Photo Credit: Robin Smith
Great Zimbabwe Ruins: The Forgotten African Empire
The amazing works of art and architecture built during the Ancient Egypt era are among the most visited sites in the world. They attract millions of tourists every year to attest to the wonders made by the hands of the north-African people. However, in the south of the continent, lies another impressive architectural complex, whose magnificent construction and technological structure intrigues and amazes researchers— the Great Zimbabwe.
Not as popular as its northern neighbor, the Great Zimbabwe is a ruined city near Masvingo, central Zimbabwe.
The ruins at Great Zimbabwe are considered some of the oldest and largest structures located in Southern Africa. Its most formidable edifice, commonly referred to as the Great Enclosure, has walls as high as 36 ft extending approximately 820 ft, making it the largest ancient structure south of the Sahara Desert.
There, you will see many impressive monuments built using granite blocks without mortar. Those granite blocks were called zimbabwe in Bantu, hence the site and the kingdom’s name.
Bathed by numerous rivers and benefited by the abundance of soft granitic rocks, which facilitate sculpture and building, this region was home to villagers dedicated to agriculture and grazing.
Scientific research has proved that Great Zimbabwe was founded in the 11th century by a Bantu population of the Iron Age, the Shona. Their occupations are attested by the traces of increasingly large and complex residential sites.
The city prospered thanks to agriculture, gold deposits, and a trade network which reached the East African coast. They were societies stratified, in which the social and spatial division of labor and differences between classes were increasingly accentuated, until its creation as a great African empire.
In the 14th century, Great Zimbabwe was the principal city of a major state extending over the gold-rich plateaux. About 1450, the capital was abandoned because the hinterland could no longer furnish food for the overpopulated city and because of deforestation. It is also estimated that Great Zimbabwe gold mines faced exhaustion.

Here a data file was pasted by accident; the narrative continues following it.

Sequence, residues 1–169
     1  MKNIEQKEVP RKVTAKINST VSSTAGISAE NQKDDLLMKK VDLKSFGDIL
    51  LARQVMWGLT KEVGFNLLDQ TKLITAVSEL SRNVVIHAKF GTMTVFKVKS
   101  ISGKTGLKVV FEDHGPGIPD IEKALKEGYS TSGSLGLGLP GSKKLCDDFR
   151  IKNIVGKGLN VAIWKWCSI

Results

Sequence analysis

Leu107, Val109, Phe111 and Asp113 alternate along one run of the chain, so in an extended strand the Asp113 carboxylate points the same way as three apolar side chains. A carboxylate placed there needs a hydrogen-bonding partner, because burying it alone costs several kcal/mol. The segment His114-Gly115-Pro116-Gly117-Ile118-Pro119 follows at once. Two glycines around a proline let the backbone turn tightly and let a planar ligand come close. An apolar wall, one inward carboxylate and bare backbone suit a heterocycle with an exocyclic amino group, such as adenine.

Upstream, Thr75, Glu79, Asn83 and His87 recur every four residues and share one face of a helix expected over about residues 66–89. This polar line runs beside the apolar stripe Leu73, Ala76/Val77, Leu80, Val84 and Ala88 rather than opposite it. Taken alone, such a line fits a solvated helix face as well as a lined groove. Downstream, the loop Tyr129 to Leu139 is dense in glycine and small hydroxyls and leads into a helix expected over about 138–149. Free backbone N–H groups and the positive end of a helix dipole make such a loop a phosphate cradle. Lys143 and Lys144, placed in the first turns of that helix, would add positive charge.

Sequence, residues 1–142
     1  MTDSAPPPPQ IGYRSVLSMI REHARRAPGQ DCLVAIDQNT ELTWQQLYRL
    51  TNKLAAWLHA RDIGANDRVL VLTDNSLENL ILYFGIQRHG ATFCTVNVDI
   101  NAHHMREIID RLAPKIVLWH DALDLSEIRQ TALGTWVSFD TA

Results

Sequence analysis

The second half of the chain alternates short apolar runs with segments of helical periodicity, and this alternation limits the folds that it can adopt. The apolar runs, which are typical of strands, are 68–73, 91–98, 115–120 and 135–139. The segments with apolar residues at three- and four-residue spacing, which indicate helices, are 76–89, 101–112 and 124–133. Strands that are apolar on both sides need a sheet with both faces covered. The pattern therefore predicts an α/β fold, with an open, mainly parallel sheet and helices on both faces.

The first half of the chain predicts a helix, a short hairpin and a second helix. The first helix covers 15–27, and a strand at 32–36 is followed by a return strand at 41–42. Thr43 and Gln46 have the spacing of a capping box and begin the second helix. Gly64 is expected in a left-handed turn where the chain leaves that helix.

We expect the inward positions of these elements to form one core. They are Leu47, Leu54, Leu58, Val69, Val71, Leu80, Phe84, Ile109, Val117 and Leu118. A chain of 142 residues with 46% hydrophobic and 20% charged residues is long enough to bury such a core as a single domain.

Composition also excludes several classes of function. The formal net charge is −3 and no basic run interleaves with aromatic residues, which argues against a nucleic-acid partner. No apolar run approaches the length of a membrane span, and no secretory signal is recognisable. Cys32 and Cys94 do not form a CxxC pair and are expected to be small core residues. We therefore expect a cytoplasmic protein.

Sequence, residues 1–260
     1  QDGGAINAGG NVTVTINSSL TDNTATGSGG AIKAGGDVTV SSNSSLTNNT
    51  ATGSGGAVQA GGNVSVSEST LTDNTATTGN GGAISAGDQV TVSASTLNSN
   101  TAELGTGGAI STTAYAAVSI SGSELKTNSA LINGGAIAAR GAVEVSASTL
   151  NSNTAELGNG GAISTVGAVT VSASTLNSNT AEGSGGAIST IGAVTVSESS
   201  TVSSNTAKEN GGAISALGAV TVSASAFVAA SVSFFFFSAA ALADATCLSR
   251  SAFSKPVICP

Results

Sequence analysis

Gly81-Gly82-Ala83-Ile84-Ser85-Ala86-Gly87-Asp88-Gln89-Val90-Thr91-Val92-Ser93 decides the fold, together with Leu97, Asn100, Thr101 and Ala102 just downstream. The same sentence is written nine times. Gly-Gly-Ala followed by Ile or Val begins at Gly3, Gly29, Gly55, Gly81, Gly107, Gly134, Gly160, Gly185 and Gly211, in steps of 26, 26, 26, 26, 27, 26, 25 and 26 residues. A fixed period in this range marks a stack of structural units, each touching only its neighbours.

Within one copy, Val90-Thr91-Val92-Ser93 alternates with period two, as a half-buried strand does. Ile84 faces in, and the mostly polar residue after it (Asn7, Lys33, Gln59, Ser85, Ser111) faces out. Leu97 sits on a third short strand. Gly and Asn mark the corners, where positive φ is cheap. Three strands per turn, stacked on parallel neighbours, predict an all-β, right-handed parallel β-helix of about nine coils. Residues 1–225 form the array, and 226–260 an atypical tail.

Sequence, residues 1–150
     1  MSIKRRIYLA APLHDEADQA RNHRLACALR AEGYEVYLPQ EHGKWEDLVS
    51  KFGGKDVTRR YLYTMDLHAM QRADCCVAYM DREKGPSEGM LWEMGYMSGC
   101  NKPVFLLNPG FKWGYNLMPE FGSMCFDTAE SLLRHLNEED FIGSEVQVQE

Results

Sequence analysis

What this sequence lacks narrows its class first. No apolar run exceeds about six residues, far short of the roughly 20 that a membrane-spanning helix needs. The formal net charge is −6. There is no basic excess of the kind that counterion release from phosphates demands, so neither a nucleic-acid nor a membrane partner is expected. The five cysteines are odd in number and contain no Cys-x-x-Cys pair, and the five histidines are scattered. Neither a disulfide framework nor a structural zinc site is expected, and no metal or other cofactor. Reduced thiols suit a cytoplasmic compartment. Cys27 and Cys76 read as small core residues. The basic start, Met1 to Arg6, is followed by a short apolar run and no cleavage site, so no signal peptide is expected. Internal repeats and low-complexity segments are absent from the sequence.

The resulting migration benefited Khami, which became the most influential city in the region, but signaled waning political power. When the Portuguese settled in Sofala, the region was divided between the rival powers of the kingdoms of Torwa and Mwene-Mutapa.
Archaeological excavations have revealed glass beads and porcelain from China and Persia, and gold and Arab coins from Kilwa which testify to the extent of long-standing trade with the outer world. Other evidence, including potsherds and ironware, gives a further insight to the property’s socio-economic complexity and about farming and pastoral activities. A monumental granite cross, located at a traditionally revered and sacred spiritual site, also illustrates community contact with missionaries.
The site of Great Zimbabwe was systematically looted of anything of value during the European colonialists’ activities in the area in the 1890s. Those artifacts that have found their way into the public arena are almost always without any information as to the context in which they were found.
The Great Zimbabwe has been legally protected since 1893 and is currently protected under the National Museum & Monuments Act Chapter, which provides for the legal protection of the resources within the property.
The National Museums and Monuments of Zimbabwe (NMMZ), under Zimbabwe’s Ministry of Home Affairs, is the entity directly responsible for the management of the site.
According to Travel Wild Africa, if you want to visit Great Zimbabwe driving from Victoria Falls, Bulawayo or Harare, you will first drive to the town of Masvingo. The road is narrow but well maintained. The short dirt road to the ruined city is passable for most vehicles. You’ll most likely need to stay overnight to allow yourself enough time to walk around the Great Zimbabwe Ruins.
You can also hire a guided tour of Great Zimbabwe Ruins from Bulawayo or Harare where a guide and host will drive you on your trip. Entrance Fee is $5 for Zimbabwe residents and $15 for other visitors. Please note this is subject to change without notice.